COVID-19 update: B.C.'s active cases, seven-day average reach three-month low
The number of active COVID-19 cases across British Columbia reached a three-month low of 3,047 on Tuesday, as officials unveiled their plans for vaccinating children as young as five.
The province's seven-day average for coronavirus cases, which has been trending downward for almost two weeks, also dropped to a three-month low of 381 per day.
The last time B.C.'s active case count and seven-day average were that low was Aug. 9, when they sat at 3,306 and 355, respectively.
The Ministry of Health also announced 324 new cases and one related death Tuesday, bringing the provincial totals to 216,012 infections and 2,304 related fatalities since the start of the pandemic.
The latest person to die in relation to COVID-19 lived in B.C.'s Northern Health region.
The number of infectious COVID-19 patients in hospital increased slightly to 345, while the number in intensive care remained steady at 115.
Unvaccinated British Columbians still represent the majority of cases and hospitalizations, despite making up less than 19 per cent of the provincial population, including those under the age of 12 who were just recently made eligible for vaccination and have yet to receive their shots.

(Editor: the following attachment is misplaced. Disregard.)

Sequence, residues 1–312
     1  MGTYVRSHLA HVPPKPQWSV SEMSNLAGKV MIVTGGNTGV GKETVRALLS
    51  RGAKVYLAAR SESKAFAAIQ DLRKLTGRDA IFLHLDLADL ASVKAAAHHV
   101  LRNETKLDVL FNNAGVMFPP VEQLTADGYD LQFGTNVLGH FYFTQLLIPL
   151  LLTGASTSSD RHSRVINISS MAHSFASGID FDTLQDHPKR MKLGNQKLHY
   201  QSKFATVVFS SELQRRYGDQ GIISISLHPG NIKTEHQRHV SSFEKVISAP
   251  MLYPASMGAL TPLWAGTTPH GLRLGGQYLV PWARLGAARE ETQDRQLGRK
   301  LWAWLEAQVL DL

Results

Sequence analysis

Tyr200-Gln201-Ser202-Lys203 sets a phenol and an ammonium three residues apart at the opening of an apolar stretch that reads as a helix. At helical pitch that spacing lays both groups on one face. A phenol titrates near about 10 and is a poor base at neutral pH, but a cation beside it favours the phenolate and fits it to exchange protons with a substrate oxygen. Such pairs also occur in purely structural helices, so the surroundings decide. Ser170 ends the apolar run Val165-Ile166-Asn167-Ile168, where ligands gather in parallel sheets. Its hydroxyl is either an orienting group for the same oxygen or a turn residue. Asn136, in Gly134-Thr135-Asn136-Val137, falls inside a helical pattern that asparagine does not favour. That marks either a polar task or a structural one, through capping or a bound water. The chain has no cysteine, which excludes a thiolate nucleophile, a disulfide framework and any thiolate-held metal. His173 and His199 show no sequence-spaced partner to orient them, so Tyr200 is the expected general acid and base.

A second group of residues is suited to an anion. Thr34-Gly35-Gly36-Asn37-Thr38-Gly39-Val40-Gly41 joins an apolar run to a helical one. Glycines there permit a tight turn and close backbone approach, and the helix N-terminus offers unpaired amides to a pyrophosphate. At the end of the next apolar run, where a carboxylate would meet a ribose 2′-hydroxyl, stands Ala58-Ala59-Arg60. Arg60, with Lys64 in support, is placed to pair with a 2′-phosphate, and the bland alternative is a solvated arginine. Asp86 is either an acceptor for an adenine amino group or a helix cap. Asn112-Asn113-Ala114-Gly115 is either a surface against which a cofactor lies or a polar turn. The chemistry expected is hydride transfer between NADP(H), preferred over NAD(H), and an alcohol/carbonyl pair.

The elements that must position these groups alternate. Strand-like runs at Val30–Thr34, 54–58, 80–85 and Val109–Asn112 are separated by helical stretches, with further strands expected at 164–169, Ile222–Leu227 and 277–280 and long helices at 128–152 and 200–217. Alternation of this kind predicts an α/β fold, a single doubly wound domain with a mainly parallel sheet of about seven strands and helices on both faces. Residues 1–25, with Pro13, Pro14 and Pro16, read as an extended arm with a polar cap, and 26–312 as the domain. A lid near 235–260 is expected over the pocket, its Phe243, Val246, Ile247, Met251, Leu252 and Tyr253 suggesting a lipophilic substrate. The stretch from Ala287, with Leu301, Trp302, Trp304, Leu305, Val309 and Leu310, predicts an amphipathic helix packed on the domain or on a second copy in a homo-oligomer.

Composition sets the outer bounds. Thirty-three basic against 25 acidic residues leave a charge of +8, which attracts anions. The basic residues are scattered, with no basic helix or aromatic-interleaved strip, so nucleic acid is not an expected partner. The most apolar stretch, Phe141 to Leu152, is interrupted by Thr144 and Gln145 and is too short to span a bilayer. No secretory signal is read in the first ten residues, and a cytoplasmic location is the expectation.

Between Nov. 15 and 21, the unvaccinated made up 54.3 per cent of B.C.'s 2,618 cases. They also made up 61.7 per cent of the province's 248 hospitalizations recorded between Nov. 8 and 21.
On Tuesday afternoon, health officials shared more information on how they'll be distributing shots to children between the ages of five and 11, confirming the government will begin contacting families to make appointments next week.
Parents still have to register their children in order to receive an invitation, however. Officials said 91,000 of the approximately 360,000 kids in that age group have already been entered into the system.
Unlike previous vaccine rollouts, officials said children between five and 11 will need to make an appointment for their shots, which will be distributed eight weeks apart.
The dose they will be receiving is smaller than those given to adults and teenagers – 10 milligrams instead of 30 – which was determined to build just as strong an immune response in that age group.
Provincial health officer Dr. Bonnie Henry noted that's not because of their comparably small size, but "because our immune systems when we're younger are just that much more responsive."